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Mild West

[whitespace] Wild Wild West

Barry Sonnenfeld and crew defang one of TV's scariest programs in 'Wild Wild West'

By Richard von Busack

IN THIS FITFULLY amusing redo of the 1965-69 CBS TV series, Will Smith and Kevin Kline replace Robert Conrad and Ross Martin as, respectively, U.S. Army Agent Jim T. West and U.S. Marshal Artemus Gordon, superspies of 1869. West is a man of action who attacks first and asks questions later, but Gordon is a pacifist who uses his inventions to bring down villains. We get scant glimpses of Salma Hayek in the traditional role of the daughter of the kidnapped scientist--she's plainly a beard to prove the two heroes are straight. Question: Which of the four screenwriters cooked up the idea that it would be more fun to watch West and Gordon squabbling than to see them working as a team? Wild Wild West is a cartoony Warner Bros. film, and it seems as if the two lawmen are really supposed to be Bugs Bunny (Smith) and Daffy Duck (Kline) acting out their rivalry. Kline doesn't evince the paranoid madness of Daffy: he's too cool and self-assured. And Smith certainly isn't Bugs. He doesn't move well, and he's a mediocre comedian. Smith, who seemed like a young aristocrat in Six Degrees of Separation, has become yet another narcissistic action-movie stiff.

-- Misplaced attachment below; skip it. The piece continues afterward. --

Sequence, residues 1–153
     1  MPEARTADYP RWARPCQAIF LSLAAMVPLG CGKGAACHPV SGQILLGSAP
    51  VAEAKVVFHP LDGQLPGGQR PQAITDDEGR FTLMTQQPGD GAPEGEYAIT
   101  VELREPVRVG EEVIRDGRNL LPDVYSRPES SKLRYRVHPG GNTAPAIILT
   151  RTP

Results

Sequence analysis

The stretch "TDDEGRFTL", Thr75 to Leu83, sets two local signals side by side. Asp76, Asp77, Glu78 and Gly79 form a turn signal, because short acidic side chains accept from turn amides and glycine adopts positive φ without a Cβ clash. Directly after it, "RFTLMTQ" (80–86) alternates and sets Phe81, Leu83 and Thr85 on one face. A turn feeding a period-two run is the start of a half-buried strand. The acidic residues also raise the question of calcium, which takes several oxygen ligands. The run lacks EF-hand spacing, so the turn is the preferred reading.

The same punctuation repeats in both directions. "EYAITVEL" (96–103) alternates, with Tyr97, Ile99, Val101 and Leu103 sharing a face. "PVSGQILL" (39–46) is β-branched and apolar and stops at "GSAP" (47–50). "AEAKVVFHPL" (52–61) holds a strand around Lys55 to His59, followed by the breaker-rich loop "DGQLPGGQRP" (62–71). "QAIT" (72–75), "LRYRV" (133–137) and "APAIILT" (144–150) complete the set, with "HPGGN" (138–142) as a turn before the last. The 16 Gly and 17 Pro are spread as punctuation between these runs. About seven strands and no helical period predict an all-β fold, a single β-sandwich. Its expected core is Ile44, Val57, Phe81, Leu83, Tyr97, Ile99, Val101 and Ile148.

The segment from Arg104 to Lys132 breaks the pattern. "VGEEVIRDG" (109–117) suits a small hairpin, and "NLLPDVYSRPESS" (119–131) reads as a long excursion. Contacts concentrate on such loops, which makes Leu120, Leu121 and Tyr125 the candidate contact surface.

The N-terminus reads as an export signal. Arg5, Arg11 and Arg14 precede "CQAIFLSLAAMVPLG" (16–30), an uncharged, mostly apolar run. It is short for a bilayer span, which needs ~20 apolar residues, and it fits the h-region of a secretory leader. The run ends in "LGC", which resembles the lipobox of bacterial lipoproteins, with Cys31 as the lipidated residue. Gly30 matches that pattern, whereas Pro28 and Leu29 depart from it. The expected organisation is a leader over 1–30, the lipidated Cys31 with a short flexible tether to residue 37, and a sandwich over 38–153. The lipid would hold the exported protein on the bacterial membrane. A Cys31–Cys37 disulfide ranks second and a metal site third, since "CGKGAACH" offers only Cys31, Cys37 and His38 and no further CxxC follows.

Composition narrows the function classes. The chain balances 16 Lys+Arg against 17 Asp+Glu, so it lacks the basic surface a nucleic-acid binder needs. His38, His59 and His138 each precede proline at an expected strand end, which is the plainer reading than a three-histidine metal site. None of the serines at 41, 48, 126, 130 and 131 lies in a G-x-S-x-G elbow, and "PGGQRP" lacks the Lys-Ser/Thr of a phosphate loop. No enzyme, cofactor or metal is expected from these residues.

Tom Duffield's art direction is elegant, especially in the scenes depicting an under-construction Washington, D.C. And Kenneth Branagh is wonderful as the mad scientist Dr. Arliss Loveless. Branagh was morphed by computers into the condition of Johnny Eck, the Half-Man of Baltimore. His Loveless is a megalomaniac, perverse amputee in a steam-powered wheelchair. Loveless, who loves spiders, is a student of "mechanology." He has a four-story-tall, coal-fired arachno-motive with an all-female crew. His henchmen are wounded Confederate vets brought back with Frankensteinian slices of metal. One is a general with a small grafted-on ear trumpet that looks like a metal hibiscus. When these monsters attack West, it should have been like a scene out of Ambrose Bierce--the Civil War dead having their revenge. Sadly, however, director Barry Sonnenfeld goes for the ham and the cheese even here, burying the mood of one of the scarier shows on television in bad slapstick and boasting. Can we hope for a laser edition that allows editing out everyone but Branagh?

Wild Wild West (PG-13; 117 min.), directed by Barry Sonnenfeld, written by Brent Maddock, Jeffrey Price, Peter S. Seaman and S.S. Wilson, photographed by Michael Ballhaus and Stefan Czapsky, and starring Will Smith, Kevin Kline and Kenneth Branagh.

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From the July 1-7, 1999 issue of the Sonoma County Independent.

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